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Loss of sound/tone in a large room

Discussion in 'Live Sound [BG]' started by Spook_57, Apr 3, 2014.


  1. Spook_57

    Spook_57

    Joined:
    Jul 11, 2006
    Location:
    South Wales
    When playing in a large room (pub or club) my bass speaker is positively booming in the 'stage' area but, about 5 yards out into the room, the sound and tone die off to a thin tone and poor volume level, which sounds awful. This happens with both my Roland Bass Cube 100 and Peavey TKO 115 combo - very different output and speaker size, but the same problem.

    Does anyone have experience with this problem... and a solution?
     
  2. BassCliff

    BassCliff

    Joined:
    May 17, 2012
    Location:
    So. Cal.
    Hi,

    Yes, you just need more horsepower and more speakers to push more air, or run direct into the PA so that you can be heard out front.


    Thank you for your indulgence,

    BassCliff
     
  3. Ender_rpm

    Ender_rpm

    Joined:
    Apr 18, 2004
    Media:
    1
    Location:
    St. Louis MO
    What he said. For a live setting, those are comparatively tiny amplifiers to try and run a room. Triple the wattage or double the speaker area would be a good place to start
     
  4. RedMoses

    RedMoses Supporting Member

    Joined:
    Jul 4, 2012
    Location:
    NYC
    +1, More POWA along with PA support, if your playing clubs that big you shoud NOT be using a 100 watt practice amp. Be sure your new Bass head (or a Pedal) has a DI out to you can give the engineer the option to DI, MIC or both.
     
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  6. tbz

    tbz Supporting Member

    Joined:
    Jun 28, 2013
    Location:
    SoCal
    From personal experience I'd say a TKO 115 becomes inadequate as soon as you start playing places that have a cap of over about 20 or 30, and/or if your guitarist is using an amp over about 45 watts.

    You can still "make it work" for venues up until the 60 - 80 person limit, if you have a quiet guitarist and drummer, but your tone and projection will not be as good as it could be if you just had a 212, 210 or 410 with a decent head (or solid PA support.)

    I know I had to "V" the EQ pretty drastically to get any decent volume out of mine; even boosted in that manner the low end response wasn't really great. As a result I'd say that it set me back in terms of tone progression for a while.

    Simply put it's not a great sounding amp to begin with, so trying to force enough sound out of it to hear myself resulted in a somewhat poor tone.

    So, I'd politely suggest you move up to something more substantial, unless you want to make a habit of sounding bad...like I did :bassist:

    Also, you mention above "very different output and speaker size" with the TKO and the Bass Cube.....honestly there's not a drastic difference between a low quality single 15" and a single 12". Just checked specs on the newer TKO 115 and it looks like they're running at 150 watts RMS now, Roland Cube runs at 100 watts RMS. You need to double wattage for a 3db increase in volume IIRC so, that additional 50 watts, into a slightly larger speaker, just isn't going to count for much.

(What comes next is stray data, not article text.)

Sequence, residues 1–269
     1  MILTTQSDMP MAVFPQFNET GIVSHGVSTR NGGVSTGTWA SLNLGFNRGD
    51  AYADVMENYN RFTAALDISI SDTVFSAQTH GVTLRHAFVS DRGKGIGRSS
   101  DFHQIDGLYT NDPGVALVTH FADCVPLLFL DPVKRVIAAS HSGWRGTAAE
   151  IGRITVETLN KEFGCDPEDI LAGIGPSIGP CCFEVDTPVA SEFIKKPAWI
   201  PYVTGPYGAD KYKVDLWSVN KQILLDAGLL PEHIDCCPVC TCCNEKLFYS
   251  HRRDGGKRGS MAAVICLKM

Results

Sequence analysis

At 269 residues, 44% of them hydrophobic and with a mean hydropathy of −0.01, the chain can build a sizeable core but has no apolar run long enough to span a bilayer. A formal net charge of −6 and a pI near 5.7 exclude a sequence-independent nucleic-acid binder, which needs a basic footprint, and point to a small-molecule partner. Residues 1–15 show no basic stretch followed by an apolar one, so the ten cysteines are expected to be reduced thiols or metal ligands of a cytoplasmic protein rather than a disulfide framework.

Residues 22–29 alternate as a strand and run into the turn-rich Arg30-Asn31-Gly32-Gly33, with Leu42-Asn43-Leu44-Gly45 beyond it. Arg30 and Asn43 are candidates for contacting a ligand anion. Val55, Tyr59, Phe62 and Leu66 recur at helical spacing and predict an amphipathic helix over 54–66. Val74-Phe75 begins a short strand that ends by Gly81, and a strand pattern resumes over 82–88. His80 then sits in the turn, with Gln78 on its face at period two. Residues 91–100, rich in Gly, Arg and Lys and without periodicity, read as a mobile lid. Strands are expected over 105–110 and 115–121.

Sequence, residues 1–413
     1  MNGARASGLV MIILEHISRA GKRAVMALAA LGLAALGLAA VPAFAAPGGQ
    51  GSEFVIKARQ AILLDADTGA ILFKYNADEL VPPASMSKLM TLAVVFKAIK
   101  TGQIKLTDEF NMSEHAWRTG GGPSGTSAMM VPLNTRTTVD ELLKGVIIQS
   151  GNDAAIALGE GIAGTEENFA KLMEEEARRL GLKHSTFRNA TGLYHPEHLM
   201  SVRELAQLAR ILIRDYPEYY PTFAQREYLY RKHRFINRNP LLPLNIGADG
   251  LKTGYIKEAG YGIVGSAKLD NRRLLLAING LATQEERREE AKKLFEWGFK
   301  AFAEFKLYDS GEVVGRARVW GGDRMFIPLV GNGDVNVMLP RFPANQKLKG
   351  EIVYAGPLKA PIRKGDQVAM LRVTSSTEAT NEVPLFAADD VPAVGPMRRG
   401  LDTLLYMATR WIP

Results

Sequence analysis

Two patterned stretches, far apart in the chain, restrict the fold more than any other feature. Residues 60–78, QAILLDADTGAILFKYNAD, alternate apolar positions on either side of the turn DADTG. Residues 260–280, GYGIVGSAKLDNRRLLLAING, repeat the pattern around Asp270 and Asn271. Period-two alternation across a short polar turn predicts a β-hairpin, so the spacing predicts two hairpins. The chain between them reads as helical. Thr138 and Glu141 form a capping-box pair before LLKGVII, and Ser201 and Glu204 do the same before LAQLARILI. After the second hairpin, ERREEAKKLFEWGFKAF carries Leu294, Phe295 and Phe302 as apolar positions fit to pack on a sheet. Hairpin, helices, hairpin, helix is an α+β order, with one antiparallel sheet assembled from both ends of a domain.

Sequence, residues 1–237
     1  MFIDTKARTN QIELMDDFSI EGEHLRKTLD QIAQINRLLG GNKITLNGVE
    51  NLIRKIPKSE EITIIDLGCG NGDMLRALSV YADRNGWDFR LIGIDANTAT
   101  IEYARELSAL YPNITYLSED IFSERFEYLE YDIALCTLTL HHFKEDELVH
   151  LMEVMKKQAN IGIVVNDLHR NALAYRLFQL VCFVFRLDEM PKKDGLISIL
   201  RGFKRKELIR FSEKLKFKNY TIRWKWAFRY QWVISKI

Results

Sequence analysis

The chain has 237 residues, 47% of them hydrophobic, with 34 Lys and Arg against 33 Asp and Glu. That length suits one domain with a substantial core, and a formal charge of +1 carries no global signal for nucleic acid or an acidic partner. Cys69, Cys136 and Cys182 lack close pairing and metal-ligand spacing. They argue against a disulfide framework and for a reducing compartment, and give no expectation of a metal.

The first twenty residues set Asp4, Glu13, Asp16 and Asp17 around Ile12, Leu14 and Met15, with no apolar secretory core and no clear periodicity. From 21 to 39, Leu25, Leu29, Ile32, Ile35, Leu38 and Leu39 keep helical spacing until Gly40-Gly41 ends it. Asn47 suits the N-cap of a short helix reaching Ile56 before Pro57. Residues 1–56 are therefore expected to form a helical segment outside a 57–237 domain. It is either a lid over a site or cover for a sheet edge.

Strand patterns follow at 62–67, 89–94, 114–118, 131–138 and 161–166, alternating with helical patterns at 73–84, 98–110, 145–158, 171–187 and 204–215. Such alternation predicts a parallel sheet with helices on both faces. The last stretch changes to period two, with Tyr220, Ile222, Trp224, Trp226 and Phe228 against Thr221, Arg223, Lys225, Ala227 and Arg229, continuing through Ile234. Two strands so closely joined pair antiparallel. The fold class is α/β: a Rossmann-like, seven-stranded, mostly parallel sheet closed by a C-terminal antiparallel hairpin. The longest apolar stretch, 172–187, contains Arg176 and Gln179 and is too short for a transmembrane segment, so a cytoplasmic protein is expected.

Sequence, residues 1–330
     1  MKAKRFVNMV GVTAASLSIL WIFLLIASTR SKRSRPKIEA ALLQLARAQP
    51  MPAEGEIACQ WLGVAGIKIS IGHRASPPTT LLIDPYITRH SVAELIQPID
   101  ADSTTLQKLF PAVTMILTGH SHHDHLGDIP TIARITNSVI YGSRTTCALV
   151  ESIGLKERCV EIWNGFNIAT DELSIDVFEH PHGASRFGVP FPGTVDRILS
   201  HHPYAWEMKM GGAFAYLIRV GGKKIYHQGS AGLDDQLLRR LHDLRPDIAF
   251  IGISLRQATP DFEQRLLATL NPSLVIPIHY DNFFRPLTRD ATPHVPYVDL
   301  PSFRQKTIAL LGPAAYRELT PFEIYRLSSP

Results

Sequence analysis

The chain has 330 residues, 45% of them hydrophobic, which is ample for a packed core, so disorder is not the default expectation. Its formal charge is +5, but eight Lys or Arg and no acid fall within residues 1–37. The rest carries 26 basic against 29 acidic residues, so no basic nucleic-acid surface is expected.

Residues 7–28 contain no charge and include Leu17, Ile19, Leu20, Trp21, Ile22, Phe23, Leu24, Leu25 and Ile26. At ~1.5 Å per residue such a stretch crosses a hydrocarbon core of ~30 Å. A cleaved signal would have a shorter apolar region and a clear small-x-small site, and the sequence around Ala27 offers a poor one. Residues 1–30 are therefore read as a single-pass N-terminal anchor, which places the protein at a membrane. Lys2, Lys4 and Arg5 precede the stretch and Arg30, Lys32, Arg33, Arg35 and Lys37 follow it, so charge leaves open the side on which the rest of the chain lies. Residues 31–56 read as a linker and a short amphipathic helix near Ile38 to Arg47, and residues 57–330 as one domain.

7. Spook_57

    Spook_57

    Joined:
    Jul 11, 2006
    Location:
    South Wales
    Thanks for the replies. I only use the 100 watt Roland (with a 10" speaker) for very small venues and practice. The TKO is 200 watts, the Tour, kickback style and, close up, is very booming but, as I said, just a few yards out into the room the sound dies off to nothing.
     
  8. jking138

    jking138

    Joined:
    Oct 6, 2013
    Maybe cutting the 40hz area a little, the low-low end takes a lot more power to project and doesn't project well at distance. EQing to the room in this way may help but adding another 1x15 cab will help if there is no PA support.
     
  9. Joe Louvar

    Joe Louvar

    Joined:
    Jun 6, 2011
    Location:
    Santa Rosa, CA USA
    Sweet, nice and compact - I like that. Anyway, since your rig is plenty loud enough for you on stage, just get a good DI box (IE: Countryman 85, Radial J48) and let the PA cover the house volume.
     
  10. Downunderwonder

    Downunderwonder

    Joined:
    Aug 26, 2009
    Location:
    New Zealand
    I expect you have boundary reflection issues. Your amp goes against a wall and either in the corner or a good 8ft from the corner. Never a few ft from walls/corner.
     
  11. Spook_57

    Spook_57

    Joined:
    Jul 11, 2006
    Location:
    South Wales
    Thanks. I'll try a few things out at rehearsal tonight.
     
  12. rtslinger

    rtslinger

    Joined:
    Nov 14, 2006
    Location:
    Belleville,New Jersey USA
    Roll off the bass and bring up the mids should help
     
  13. Spook_57

    Spook_57

    Joined:
    Jul 11, 2006
    Location:
    South Wales
    So, I tried a couple of the suggestions last night, moved the amp forwards to the frontline and took some of the low end off the EQ. We rehearse on a very small stage in a club function room, which is quite cramped, so I can't get it right away from the walls, but on the front edge of the stage, and I stood beside/behind it. The sound/tone carried much better and much more consistently in that position. A few more tweaks and we could be onto a winner here. Thanks for all your advice. :cool:
     

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